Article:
Having so recently been accusing of gloating over Ayan Hirsi Ali's misfortunes, I'm hesitant to link this critique of her essay collection "The Caged Virgin" by Laila Lalami. The Nation reviewer accuses Hirsi Ali of "stunningly ignorant scholarship" and blanket smears of Islam and Muslims.
Take her statement on abortion: "According to Islam, an extramarital pregnancy brings great shame on the family, but you can still redeem yourself in the eyes of Allah. Abortion, though, the killing of an innocent baby, is a deadly sin, for which there is no forgiveness." But abortion is not universally disallowed in Islam, simply because there is not a uniform position about the issue. In the Hanbali, Shafii and Hanafi schools in Sunni Islam, for instance, abortion before the fetus has developed into a human being (what is called "ensoulment") is, in fact, permissible. Scholars differ on the lengths of time "ensoulment" takes, with definitions as narrow as forty days and as broad as 120 days (i.e., the first trimester). All schools of thought allow abortion if the pregnancy is liable to cause medical harm to the mother.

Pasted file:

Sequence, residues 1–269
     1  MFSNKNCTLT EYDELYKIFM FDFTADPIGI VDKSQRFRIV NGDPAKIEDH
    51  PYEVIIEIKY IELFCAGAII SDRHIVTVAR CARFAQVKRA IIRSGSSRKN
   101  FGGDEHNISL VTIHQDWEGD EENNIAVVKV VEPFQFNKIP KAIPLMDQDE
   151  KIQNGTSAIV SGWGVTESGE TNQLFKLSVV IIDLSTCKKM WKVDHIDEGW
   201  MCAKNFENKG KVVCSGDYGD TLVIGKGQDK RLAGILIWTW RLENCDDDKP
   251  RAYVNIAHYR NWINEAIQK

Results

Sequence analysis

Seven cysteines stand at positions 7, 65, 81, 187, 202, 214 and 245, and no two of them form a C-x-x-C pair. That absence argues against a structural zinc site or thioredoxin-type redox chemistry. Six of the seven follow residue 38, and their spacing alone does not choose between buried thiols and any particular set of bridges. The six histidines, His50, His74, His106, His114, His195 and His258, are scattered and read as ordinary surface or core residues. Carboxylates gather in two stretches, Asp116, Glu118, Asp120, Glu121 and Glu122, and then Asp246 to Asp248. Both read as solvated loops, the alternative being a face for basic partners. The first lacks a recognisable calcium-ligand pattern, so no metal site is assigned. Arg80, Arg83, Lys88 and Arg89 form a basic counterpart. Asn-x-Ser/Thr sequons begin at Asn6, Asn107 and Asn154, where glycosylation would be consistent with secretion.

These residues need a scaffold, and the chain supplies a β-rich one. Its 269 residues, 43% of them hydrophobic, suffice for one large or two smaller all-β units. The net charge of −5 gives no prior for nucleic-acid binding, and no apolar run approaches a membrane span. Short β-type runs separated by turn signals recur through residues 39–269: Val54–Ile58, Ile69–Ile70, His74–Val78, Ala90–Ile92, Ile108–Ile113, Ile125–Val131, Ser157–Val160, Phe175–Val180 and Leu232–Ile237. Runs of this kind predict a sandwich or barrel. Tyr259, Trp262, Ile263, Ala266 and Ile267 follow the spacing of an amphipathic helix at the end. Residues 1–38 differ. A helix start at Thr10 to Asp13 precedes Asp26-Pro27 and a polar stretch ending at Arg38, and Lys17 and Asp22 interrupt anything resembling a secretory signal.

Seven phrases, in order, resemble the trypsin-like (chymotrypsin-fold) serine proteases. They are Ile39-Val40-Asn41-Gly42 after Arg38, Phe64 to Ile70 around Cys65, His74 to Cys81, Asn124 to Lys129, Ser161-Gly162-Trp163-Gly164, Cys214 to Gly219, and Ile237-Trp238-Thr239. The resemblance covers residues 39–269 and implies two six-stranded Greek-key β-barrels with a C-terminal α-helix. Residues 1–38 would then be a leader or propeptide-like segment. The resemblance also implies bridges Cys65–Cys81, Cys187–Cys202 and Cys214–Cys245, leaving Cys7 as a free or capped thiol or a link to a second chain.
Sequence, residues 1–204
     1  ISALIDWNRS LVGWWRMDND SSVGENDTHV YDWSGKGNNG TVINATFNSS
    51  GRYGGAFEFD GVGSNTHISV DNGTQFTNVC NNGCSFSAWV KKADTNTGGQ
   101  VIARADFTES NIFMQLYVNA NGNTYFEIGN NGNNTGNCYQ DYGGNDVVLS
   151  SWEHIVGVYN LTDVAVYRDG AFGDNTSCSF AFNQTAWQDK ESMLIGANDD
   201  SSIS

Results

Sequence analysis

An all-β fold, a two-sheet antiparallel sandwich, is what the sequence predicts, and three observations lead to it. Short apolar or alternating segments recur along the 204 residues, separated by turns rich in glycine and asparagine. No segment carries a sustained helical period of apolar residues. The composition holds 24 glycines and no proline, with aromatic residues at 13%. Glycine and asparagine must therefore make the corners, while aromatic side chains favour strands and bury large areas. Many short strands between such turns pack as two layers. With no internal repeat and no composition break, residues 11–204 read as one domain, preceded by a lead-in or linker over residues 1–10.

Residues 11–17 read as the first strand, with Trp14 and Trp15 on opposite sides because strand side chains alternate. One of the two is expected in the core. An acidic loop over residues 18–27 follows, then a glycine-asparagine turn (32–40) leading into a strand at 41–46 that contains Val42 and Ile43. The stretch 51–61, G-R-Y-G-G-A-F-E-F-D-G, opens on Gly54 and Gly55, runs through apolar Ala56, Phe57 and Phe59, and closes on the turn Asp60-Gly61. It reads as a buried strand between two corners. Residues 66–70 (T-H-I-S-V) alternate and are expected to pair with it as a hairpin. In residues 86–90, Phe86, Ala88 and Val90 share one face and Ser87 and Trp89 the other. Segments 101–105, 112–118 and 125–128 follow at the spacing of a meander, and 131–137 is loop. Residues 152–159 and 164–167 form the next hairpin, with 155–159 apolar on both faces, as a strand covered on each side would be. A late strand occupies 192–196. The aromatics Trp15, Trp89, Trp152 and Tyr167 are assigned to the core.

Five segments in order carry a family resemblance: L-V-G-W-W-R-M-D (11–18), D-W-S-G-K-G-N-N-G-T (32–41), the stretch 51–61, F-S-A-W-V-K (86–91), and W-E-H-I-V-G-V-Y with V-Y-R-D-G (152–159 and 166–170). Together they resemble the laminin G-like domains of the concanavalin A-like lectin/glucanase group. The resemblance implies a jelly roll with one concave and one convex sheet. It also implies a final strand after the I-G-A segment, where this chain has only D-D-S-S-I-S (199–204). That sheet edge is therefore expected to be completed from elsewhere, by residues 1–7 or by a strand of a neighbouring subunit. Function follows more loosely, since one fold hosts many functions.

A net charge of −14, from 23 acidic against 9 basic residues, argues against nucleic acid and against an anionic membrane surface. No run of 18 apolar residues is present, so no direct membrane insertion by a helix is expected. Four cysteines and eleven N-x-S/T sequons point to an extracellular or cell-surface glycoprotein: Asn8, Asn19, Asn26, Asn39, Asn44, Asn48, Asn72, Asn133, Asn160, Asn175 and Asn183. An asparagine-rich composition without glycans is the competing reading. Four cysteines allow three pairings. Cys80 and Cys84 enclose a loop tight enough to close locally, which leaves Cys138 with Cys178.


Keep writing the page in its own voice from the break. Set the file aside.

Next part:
Lalami also takes on the Canada-based writer Irshad Manji, whose work has been less controversional and career less dangerous. But most of the criticism falls on Hirsi Ali. The soon-to-be-Washingtonian exposed very real oppression and discrimination in the Muslim community, but it's worth asking if Manichean views of an Islam-West confrontation - expressed more floridly by Oriana Fallaci, who shares much of Hirsi Ali's American audience - have any use beyond getting readers' (or in Hirsi Ali's case, voters') blood boiling. If Islam is more creative, less oppressive, and contains more pockets of liberalism than its most famous critics are willing to admit, isn't that promising?